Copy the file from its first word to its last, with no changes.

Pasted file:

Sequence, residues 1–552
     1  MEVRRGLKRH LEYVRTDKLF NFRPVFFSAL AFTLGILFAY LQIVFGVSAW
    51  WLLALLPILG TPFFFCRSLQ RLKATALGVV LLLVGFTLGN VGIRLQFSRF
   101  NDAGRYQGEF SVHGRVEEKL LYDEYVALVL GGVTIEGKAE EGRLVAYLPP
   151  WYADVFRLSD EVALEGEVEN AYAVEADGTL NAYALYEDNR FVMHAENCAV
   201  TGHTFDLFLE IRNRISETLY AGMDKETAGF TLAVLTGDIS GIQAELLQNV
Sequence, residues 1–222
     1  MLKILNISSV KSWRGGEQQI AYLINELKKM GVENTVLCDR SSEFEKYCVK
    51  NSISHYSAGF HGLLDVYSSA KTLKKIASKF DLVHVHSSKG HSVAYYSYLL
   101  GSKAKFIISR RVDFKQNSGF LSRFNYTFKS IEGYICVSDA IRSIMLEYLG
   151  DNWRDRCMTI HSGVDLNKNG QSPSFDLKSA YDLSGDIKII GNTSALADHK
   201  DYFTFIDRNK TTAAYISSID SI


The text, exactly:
Sequence, residues 1–552
     1  MEVRRGLKRH LEYVRTDKLF NFRPVFFSAL AFTLGILFAY LQIVFGVSAW
    51  WLLALLPILG TPFFFCRSLQ RLKATALGVV LLLVGFTLGN VGIRLQFSRF
   101  NDAGRYQGEF SVHGRVEEKL LYDEYVALVL GGVTIEGKAE EGRLVAYLPP
   151  WYADVFRLSD EVALEGEVEN AYAVEADGTL NAYALYEDNR FVMHAENCAV
   201  TGHTFDLFLE IRNRISETLY AGMDKETAGF TLAVLTGDIS GIQAELLQNV
Sequence, residues 1–222
     1  MLKILNISSV KSWRGGEQQI AYLINELKKM GVENTVLCDR SSEFEKYCVK
    51  NSISHYSAGF HGLLDVYSSA KTLKKIASKF DLVHVHSSKG HSVAYYSYLL
   101  GSKAKFIISR RVDFKQNSGF LSRFNYTFKS IEGYICVSDA IRSIMLEYLG
   151  DNWRDRCMTI HSGVDLNKNG QSPSFDLKSA YDLSGDIKII GNTSALADHK
   201  DYFTFIDRNK TTAAYISSID SI